H5. Women who are more than 20 weeks pregnant with evidence of hypoxaemia associated with reduced consciousness or those requiring respiratory or cardiovascular support or cardiopulmonary resuscitation should be managed with left lateral tilt or manual uterine displacement (ideally to the left) to improve cardiac output and oxygen delivery (grade D).
H6. The use of oxygen supplementation during intrauterine fetal resuscitation during labour was widespread in the past, but there is no evidence of benefit. There is weak evidence of harm to the fetus if supplemental oxygen is given for long periods during uncomplicated labour. Overall, the use of oxygen during labour is only required when there is evidence of maternal hypoxaemia (oxygen saturation <94%) (grade D).
J. Oxygen use in perioperative care and during procedures requiring conscious sedation (see full Guideline sections 8.15–8.16 and 10.11)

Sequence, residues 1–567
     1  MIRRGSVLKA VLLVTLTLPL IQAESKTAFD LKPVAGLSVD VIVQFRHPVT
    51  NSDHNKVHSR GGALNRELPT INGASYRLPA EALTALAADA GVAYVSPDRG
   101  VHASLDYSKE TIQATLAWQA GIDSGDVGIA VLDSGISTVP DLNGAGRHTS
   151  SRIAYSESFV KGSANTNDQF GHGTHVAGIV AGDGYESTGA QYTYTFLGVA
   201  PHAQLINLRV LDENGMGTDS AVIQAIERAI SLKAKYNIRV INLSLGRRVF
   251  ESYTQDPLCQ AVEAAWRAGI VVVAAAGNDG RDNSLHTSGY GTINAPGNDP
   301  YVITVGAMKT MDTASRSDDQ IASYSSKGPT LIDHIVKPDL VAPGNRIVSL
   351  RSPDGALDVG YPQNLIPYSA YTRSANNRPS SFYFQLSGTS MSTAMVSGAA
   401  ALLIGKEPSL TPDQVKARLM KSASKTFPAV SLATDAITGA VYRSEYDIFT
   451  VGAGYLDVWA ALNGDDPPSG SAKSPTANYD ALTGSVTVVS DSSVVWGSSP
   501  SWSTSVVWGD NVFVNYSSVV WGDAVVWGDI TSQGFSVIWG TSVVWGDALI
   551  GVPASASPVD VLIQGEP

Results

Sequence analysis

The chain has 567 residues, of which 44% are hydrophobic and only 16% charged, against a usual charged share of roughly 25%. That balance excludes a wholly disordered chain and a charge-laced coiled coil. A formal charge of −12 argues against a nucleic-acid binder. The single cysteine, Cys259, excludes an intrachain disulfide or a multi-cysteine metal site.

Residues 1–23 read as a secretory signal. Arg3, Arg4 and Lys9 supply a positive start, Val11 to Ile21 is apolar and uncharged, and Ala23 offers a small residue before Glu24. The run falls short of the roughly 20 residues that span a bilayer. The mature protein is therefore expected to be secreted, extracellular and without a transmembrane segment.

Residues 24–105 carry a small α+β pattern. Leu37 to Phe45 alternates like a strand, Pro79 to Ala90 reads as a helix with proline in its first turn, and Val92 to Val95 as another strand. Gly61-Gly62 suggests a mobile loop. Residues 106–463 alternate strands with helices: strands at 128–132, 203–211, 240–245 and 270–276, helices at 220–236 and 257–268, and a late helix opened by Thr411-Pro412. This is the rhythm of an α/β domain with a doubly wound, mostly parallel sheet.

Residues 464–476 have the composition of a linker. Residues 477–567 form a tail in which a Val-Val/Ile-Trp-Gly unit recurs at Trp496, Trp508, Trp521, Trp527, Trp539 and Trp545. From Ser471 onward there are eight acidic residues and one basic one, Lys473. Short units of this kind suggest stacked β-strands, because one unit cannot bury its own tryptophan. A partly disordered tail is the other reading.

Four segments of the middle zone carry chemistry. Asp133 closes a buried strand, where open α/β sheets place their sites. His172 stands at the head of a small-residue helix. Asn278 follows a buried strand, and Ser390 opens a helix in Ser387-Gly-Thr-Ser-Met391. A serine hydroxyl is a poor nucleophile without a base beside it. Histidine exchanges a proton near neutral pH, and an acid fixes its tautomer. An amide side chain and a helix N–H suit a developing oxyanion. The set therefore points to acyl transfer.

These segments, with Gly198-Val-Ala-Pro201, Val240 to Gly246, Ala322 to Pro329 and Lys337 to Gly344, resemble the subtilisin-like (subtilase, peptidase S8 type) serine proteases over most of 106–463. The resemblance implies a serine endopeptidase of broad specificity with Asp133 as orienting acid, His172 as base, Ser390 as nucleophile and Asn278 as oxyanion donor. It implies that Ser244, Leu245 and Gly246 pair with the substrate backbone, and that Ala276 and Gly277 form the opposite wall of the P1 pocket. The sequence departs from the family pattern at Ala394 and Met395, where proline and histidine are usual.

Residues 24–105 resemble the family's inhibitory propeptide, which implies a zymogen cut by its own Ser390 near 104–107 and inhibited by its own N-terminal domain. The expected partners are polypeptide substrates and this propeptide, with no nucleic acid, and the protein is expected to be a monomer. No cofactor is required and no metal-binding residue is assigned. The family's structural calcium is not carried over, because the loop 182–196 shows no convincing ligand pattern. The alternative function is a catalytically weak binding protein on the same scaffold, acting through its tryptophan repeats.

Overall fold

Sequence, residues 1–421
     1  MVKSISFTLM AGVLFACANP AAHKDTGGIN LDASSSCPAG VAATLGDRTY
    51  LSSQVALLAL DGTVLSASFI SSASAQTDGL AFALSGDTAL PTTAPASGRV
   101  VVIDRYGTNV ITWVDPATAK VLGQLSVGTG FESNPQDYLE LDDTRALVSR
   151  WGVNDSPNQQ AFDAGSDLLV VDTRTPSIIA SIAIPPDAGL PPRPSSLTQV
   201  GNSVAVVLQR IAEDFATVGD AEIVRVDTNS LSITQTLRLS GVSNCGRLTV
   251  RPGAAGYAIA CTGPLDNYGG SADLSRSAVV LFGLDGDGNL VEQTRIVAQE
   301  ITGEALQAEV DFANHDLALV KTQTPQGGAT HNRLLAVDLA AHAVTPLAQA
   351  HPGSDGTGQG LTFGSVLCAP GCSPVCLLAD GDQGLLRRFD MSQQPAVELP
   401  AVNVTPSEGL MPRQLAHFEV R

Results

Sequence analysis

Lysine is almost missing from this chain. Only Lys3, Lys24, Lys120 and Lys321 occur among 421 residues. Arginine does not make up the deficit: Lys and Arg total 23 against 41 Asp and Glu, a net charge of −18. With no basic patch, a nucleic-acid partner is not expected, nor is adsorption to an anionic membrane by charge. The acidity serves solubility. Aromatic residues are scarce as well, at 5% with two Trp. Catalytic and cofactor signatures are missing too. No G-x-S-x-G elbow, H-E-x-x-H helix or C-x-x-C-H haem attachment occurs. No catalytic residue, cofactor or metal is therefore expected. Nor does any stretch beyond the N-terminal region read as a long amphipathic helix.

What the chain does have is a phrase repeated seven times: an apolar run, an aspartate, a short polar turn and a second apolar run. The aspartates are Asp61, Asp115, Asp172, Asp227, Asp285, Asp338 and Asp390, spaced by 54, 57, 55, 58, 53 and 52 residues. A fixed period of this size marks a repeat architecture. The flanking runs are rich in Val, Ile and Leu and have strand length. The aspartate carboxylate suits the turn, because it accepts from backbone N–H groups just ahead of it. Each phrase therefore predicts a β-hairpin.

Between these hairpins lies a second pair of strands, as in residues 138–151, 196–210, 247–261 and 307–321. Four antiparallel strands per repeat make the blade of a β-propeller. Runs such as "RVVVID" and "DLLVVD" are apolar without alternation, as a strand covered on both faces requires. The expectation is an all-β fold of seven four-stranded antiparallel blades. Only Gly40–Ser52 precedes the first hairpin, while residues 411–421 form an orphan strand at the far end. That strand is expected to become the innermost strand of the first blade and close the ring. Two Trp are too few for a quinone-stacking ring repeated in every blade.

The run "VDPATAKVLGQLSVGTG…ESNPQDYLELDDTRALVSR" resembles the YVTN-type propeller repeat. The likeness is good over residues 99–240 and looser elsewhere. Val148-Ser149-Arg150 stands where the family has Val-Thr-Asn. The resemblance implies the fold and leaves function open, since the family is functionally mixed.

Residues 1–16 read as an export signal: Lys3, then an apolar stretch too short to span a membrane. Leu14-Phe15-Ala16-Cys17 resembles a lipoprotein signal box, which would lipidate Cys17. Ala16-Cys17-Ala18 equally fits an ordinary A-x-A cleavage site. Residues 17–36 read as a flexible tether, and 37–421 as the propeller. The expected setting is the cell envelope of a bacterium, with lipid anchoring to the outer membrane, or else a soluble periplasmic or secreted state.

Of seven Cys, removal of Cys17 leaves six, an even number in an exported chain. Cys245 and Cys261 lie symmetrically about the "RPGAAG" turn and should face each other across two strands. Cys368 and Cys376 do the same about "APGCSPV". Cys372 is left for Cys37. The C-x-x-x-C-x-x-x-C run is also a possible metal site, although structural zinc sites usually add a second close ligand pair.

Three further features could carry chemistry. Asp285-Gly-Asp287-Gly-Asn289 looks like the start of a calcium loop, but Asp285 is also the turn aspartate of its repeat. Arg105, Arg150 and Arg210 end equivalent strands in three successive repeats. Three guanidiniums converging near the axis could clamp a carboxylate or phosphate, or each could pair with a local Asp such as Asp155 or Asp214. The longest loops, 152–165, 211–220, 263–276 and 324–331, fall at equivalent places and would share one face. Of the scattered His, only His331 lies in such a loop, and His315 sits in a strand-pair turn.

J1. Hyperoxaemia is not recommended routinely in the perioperative and postoperative period to reduce the incidence of postoperative nausea and vomiting (grade D).
J2. All procedures involving conscious sedation warrant routine continuous monitoring of oxygen saturation via pulse oximetry prior and during the procedure, and in the recovery period, particularly fibre-optic bronchoscopy and upper GI endoscopy where a reduction in arterial oxygen saturation (SaO2) is common, particularly with concurrent use of sedation (grade C).